Kid fighters, kid cornermen/coaches



5. Getting a Tattoo

Thailand is littered with tattoo parlours. Trying to find out which shops have a comfortable balance of skill, cleanliness and a fair price is nearly impossible. But if you do the homework it can be totally worth it. Most shops are open 24 hours for those who find the courage after a few cocktails. We seen a guy who had to be pretty wasted getting tattooed on Koh Phangan during the Full Moon Party, probably 3:00am. But tattoos are definitely not just for the tourists. Thai’s love tattoos. Most have really good work done too.

A different way of getting tattoed in Thailand is “bamboo style”. A traditional method using a single needle, gently tapped into the skin by hand. An even more unique way, and what Jeff was interested in was getting a Sak Yant at a temple by a monk.

Traditional Sak Yant are hand-etched onto the skin using ancient geometric designs mixed with Buddhist prayers. They are believed to give the wearer magic powers associated with healing, luck, strength, and protection against evil. Buddhist monks originally engraved Sak Yant into warriors seeking protection and strength in battle.

Clearly the most legit way of getting this done was to find a temple. CM Locals website has good info. Of course there are downsides, a temple is not a sterile environment, you don’t get a new needle, risk of infection and disease is higher. The natural ink monks use can also cause an allergic reaction. You can’t get too picky about the vanity stuff either (placement, design, straight lines etc…). This is about the magic and honouring the tradition.

With every cool story comes risk but Jeff eventually opted for the shop. Sacrificing the mystical tradition, but also avoiding HIV so… thats good. The Best Tattoo Parlour was a western style shop, clean as a medical office and came highly recommended. Jeff went with a 9 Spire Sak Yant design he picked out ahead of time. He did get it done bamboo style. It was a painful, but really cool experience and the tat turned out just the way he wanted.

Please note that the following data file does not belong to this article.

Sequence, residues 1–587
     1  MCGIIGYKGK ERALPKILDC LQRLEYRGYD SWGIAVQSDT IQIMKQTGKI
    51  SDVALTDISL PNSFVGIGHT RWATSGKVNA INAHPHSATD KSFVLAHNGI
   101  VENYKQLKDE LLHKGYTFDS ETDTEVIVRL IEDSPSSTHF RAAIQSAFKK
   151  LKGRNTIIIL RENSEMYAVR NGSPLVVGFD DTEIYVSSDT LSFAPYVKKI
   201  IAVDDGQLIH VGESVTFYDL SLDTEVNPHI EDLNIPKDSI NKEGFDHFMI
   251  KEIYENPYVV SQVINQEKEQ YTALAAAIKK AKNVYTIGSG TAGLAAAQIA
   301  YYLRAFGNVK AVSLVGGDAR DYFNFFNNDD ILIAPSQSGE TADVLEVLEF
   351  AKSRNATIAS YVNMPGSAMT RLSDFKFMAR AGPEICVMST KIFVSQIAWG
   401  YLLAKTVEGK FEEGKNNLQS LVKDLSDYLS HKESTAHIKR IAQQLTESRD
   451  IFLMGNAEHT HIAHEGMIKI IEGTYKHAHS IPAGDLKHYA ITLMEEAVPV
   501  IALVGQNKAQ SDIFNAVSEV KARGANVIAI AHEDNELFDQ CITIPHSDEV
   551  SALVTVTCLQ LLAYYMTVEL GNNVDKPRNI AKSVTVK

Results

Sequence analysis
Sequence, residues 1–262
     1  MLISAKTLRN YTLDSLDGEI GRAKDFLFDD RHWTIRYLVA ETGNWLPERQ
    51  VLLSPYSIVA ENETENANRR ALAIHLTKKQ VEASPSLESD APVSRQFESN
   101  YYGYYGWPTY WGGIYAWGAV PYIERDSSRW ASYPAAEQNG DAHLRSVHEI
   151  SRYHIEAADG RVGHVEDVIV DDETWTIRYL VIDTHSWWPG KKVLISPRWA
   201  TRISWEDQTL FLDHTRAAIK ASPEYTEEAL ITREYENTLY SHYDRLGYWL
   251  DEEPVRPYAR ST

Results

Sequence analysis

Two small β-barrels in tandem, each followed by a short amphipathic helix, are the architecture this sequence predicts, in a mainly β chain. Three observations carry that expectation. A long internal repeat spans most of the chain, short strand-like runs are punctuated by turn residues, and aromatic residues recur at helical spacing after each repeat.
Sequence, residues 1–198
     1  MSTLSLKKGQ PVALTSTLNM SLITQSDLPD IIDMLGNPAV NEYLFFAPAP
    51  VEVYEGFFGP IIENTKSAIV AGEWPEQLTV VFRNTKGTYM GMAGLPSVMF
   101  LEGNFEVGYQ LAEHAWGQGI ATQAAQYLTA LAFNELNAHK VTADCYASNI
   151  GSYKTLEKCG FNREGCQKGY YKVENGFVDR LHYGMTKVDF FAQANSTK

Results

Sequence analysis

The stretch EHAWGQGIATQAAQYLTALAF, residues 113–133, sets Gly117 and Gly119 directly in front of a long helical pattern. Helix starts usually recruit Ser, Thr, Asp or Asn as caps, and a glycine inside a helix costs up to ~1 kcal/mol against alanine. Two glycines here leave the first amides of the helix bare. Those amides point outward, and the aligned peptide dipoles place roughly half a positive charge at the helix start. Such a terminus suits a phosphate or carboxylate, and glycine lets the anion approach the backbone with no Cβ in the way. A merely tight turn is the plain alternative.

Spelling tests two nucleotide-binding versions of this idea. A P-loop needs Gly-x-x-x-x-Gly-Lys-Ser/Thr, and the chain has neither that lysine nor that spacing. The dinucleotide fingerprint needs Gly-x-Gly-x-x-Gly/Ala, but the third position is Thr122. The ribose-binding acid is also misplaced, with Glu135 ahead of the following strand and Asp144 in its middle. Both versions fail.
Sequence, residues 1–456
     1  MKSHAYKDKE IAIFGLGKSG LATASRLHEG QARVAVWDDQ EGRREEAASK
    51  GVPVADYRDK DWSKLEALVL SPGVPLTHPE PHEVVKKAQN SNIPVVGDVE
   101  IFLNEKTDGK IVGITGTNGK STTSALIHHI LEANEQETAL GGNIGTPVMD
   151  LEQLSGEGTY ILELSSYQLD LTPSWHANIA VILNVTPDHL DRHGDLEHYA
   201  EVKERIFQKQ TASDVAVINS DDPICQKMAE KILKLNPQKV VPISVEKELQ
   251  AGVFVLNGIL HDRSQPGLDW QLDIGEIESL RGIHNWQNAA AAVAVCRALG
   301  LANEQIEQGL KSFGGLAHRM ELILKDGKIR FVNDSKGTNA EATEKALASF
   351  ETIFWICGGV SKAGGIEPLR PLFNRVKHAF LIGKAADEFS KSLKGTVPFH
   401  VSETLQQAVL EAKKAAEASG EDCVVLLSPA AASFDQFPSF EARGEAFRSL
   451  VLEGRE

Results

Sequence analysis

The crew at The Best Tattoo Parlour


Chiang Mai was good to us. Our last day there left us only 2 more days until our Thai Visa’s expired. So, it was time to cross some borders. Vietnam bound!


6 thoughts on “Good times in Chiang Mai

  1. Amazing! Uncle Doug and I enjoy reading your blog it is done so well!
    We love that to hear all about your experiences and love those pictures!
    Enjoy your days and stay safe ! Love you both ❤️


  2. Such great memories and the stories and pictures are wonderful for us back home to read and see. Thanks so much for taking the time to post them, we love you guys. Take care, aunt Peg and Uncle Charly xoxo


  3. Just a point of clarification, the Sak Yant Tattoos at the temples used by CM Locals have almost identical hygiene standards as a tattoo shop. No chance of HIV or reaction, new ink is used as are new needles, and you can pick the placement and style of the Tattoo 🙂

    And of course the cost of getting a real Sak Yant from a temple is less than a tattoo shop 🙂

    One top ranking blog posts on Sak Yant’s warn about reaction to Ink and hygiene but that information comes from a tourist temple in Bangkok where customers are hurried in and out, and is out of date and not a reflection of current times or other places.


    • Hey Andrew,
      Thanks for reading. We appreciate the clarification. I guess my comment about temples being unsterile was an overgeneralization. It definitely wasn’t directed at the temples CM Locals use. I referenced them because they seemed like the best source of info and I was personally interested in using their service. I didn’t have time to put it together. And I wasn’t convinced that temples (in general) could be as safe, and offer the same quality as the shop I eventually found. I’m not saying I was right but I was most confident with the shop route at the time. I’d love to go back and give CM locals a try! Thanks.